I selected a cue with an emerald green grip – for some reason the gaudy color appealed to me. It had a linen wrapping so you’d never need a glove. It was straight and glossy and stylish. It was also twice as much as the one now being used by some cab driver in Queens, but I could tell it was worth it. Even the bored salesperson nodded approvingly, shocked that I’d been able to pick this out myself.

I brought it up to the cashier. “Well that’s Irish,” she said, staring rudely at the green grip. She rang it up and told me I could get a free McDermott case and cleaning supplies – “a $50 value” – if I filled out a McDermott questionnaire. I did, while Dan pretended that he couldn’t find his wallet, informing me with mock-horror that he had no money on him, cracking himself up. The cashier ignored him until he finally produced his VISA card. Soon we were walking into the scorching sunlight and heading downtown to SoHo Billiards to try out my new purchase. The store gave me a cheap skinny case to carry the cue in until my new one arrived. I was so thrilled I felt guilty. My old cue was forgotten.

****

The season had only just started. I had, predictably, lost my first two matches. I showed up the following week with my new cue; everyone gawked when I slid it out. “Sweet!” This from Paul G., a jittery cokehead who the team regularly threatened to toss. He bounced over, his eyes narrow and glittering. Paul G. was 35 and lived with his mother. He was a sad guy, but a superb player when he wasn’t too wound, and he asked if he could hold the cue. Another teammate walked in then and said, “Sweet cue.” It was the ultimate compliment: to make a sweet shot, to hit the sweet spot on the ball, to own a piece of equipment that was simply, “Sweet.” I didn’t win that night, but my match lasted an agonzing two hours as I tortured my opponent with safety shots and made him earn his victory.

But after that I did start to win, thrillingly, since until now it had so rarely happened. My case had arrived in the mail by this time, a long black cylinder that resembled a bazooka and had a special pocket for chalk.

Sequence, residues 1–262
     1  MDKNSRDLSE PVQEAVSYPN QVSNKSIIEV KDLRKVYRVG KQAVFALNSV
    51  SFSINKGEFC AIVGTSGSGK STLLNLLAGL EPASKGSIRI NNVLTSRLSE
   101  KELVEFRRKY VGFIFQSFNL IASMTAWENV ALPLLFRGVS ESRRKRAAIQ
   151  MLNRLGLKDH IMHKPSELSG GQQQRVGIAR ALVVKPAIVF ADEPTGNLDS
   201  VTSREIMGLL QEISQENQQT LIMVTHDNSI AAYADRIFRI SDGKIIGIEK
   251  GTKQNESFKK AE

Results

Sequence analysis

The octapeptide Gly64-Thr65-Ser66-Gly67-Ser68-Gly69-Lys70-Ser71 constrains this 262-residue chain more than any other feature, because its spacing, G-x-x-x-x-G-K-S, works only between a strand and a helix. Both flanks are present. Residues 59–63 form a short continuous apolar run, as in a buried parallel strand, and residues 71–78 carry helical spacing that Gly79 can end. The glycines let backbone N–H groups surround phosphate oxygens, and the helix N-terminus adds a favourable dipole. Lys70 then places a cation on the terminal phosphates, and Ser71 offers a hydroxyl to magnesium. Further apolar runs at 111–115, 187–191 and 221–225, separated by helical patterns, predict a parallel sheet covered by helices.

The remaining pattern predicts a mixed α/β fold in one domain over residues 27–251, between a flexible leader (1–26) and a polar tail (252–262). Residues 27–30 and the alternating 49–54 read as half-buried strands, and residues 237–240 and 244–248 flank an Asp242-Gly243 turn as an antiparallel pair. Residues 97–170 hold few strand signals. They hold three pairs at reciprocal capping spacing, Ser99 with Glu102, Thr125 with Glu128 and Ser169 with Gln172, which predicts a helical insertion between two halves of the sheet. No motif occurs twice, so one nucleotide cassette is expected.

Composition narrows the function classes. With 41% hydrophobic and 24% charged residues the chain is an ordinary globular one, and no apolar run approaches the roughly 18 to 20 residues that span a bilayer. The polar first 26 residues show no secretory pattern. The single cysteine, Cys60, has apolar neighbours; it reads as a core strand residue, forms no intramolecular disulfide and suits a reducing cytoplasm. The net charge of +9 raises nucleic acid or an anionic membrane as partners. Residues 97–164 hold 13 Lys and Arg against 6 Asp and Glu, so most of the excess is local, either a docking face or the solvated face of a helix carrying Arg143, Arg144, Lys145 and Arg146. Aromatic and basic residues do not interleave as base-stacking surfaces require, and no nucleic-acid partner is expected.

I had a real case and a real cue. I played in places with names like Pool Beg and Bull’s Head and Barfly, smokey bars with bad juke boxes and crowds that were a mixture of posturing toughs and guys wearing Dockers, cell phones clamped to their belts in little black cases that looked like beetles. As summer faded into fall, I got bumped up a rank, and by the end of the season I trounced a woman a full three rankings higher than me. We were in a creepy place called Plug Uglies on 3rd Avenue, a smelly, narrow bar with a miniature bowling lane that ran alongside the pool area, annoying the hell out of everyone. My opponent had a quivering little Pug puppy that her boyfriend held in his lap, while the woman wondered how I could possibly be beating her. But I couldn’t miss that night, sank bank shots, made crazy cuts. It wasn’t me.

After it was over, a grizzled, elderly guy from the other side of the bar approached. I hadn’t noticed him before. A cross between Al Sharpton and somebody’s vagrant great-uncle, his suit was shabby and his belly pushed forward, straining his shirt. He had steel-wool sideburns flecked with white.

“I just wanted to shake your hand, young lady,” he said. “That was some fine playing. I was watching you. Fine playing. Have I seen you out in Bay Ridge?”

I shook his hand and thanked him, my face hot and excited, and said no, it wasn’t me he saw. “Are you sure? You sure you don’t play out in Bay Ridge? I thought I recognized you.”

I was, it turns out, a legend in Bay Ridge.

The idea that I could be mistaken for someone – anyone – who played “real” pool made me dizzy with delight, and in Bay Ridge no less, where I was certain all the toughest, bad-ass, pool-playing motherfuckers congregated, remarked on each other’s sweet cues and slid crumpled bills across tables, the women all sounding like Linda Fiorantino in “The Last Seduction.”

****